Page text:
A Melbourne study has found that just one in five coeliacs are aware they have the disease, which is now thought to be 40 per cent more prevalent in women and 25 per cent more prevalent in men than past statistics have indicated. The study, led by researcher Dr Jason Tye-Din at the Walter and Eliza Hall Institute, tested 2500 Australians using a new approach of combining a genetic test with traditional tests that measure the body’s immune response to gluten. The new method was reportedly able to increase the accuracy of testing and, by detecting false positives, helps many patients avoid unnecessarily undergoing a bowel biopsy.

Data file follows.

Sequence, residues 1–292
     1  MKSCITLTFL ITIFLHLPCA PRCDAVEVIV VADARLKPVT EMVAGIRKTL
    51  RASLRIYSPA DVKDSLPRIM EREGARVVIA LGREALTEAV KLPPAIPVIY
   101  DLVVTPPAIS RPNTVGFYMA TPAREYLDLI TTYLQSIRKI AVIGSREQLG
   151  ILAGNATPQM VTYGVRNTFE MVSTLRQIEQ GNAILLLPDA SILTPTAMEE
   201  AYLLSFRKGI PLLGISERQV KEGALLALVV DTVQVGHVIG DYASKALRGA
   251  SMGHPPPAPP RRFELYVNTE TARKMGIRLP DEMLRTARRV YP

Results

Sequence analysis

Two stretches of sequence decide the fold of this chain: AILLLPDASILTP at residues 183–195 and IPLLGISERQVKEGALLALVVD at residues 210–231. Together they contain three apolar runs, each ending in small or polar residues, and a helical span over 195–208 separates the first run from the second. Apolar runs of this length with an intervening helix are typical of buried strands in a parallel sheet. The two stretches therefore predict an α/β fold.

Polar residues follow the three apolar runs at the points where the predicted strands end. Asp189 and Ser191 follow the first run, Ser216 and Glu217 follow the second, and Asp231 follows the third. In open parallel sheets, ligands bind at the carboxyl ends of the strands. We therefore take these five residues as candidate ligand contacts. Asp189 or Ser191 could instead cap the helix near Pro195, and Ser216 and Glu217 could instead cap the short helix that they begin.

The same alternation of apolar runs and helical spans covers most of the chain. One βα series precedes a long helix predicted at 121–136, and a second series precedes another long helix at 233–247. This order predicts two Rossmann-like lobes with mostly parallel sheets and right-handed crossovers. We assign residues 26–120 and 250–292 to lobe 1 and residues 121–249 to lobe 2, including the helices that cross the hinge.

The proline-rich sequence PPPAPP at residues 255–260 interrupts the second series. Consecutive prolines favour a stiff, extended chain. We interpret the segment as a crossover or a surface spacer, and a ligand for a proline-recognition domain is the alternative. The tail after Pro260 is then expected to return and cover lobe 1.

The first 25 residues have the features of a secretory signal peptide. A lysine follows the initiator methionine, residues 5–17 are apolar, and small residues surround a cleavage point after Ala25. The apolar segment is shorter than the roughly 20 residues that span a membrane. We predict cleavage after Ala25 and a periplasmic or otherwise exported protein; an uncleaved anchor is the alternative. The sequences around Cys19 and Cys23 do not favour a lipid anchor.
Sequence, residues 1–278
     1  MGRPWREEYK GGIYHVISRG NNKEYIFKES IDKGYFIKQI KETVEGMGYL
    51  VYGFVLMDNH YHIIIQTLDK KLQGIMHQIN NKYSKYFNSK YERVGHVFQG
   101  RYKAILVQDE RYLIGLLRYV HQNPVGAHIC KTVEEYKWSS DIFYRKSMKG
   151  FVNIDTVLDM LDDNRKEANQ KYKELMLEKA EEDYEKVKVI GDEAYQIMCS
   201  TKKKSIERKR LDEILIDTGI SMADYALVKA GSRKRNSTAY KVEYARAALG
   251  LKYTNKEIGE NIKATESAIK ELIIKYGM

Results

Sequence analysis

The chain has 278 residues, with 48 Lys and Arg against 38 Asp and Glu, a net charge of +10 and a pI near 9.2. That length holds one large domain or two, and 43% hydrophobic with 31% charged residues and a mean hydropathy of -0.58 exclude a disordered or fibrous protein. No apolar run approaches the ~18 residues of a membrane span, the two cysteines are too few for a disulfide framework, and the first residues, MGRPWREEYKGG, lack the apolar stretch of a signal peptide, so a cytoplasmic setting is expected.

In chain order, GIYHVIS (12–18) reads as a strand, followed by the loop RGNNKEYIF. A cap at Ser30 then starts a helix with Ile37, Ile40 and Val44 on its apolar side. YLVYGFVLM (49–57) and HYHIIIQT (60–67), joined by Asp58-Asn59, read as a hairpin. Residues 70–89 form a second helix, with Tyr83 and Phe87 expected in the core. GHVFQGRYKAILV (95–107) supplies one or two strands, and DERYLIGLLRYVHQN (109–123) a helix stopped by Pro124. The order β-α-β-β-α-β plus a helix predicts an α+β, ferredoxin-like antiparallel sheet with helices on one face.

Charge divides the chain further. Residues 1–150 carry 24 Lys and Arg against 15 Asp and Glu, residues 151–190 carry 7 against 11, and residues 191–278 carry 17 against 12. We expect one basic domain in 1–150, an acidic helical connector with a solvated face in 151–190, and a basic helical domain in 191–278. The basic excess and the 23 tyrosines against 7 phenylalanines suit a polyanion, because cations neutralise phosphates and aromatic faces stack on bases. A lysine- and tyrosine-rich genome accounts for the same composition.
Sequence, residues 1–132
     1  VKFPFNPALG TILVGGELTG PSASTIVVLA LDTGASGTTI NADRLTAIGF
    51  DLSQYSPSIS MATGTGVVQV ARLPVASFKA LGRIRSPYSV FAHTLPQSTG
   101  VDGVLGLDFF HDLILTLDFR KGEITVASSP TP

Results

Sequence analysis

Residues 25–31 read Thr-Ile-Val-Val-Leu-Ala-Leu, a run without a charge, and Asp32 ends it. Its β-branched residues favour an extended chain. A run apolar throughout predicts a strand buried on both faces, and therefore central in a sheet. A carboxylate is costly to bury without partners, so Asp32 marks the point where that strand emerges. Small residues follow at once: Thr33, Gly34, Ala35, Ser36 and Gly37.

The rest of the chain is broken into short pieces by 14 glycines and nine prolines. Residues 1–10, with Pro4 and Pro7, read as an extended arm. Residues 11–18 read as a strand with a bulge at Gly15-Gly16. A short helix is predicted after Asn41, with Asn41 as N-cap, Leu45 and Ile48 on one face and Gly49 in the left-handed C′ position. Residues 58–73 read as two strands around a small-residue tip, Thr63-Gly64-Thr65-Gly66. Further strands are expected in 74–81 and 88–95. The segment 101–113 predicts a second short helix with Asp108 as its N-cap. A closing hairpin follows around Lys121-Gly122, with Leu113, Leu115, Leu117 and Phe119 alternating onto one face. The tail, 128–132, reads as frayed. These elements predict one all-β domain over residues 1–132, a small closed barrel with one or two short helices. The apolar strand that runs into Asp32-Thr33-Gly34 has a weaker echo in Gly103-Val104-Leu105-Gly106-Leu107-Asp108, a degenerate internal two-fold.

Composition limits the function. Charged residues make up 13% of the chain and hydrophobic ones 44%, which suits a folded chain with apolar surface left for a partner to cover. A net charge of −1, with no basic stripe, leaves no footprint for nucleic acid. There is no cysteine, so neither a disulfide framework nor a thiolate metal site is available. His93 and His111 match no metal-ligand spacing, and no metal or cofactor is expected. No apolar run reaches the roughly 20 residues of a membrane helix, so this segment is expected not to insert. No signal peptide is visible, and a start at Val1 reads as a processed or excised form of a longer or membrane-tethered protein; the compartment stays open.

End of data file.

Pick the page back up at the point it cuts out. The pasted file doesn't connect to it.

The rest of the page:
In additional studies into coeliac disease, researchers at Monash University and Melbourne’s Alfred Hospital are looking at whether there is a link between gluten and depression. In a pilot study, they found that 90 per cent of people who said they were sensitive to gluten, but who did not have coeliac disease, experienced depression on a gluten diet compared to the placebo. However, there was no difference in overall gastro symptoms between the groups of the 22 people studied.
The researchers caution that while the pilot studies have provided an indication of a potential link between gluten consumption and depression, many more detailed and in depth studies are required to fully explore the relationship.